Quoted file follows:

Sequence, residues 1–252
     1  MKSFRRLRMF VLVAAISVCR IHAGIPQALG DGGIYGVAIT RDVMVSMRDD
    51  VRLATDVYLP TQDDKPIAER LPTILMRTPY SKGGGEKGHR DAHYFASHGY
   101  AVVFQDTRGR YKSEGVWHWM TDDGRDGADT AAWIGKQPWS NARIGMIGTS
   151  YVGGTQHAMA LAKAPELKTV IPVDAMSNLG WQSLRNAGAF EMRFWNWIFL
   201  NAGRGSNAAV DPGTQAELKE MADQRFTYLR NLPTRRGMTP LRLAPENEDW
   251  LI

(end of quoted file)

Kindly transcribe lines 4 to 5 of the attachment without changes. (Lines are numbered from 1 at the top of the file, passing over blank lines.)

   101  AVVFQDTRGR YKSEGVWHWM TDDGRDGADT AAWIGKQPWS NARIGMIGTS
   151  YVGGTQHAMA LAKAPELKTV IPVDAMSNLG WQSLRNAGAF EMRFWNWIFL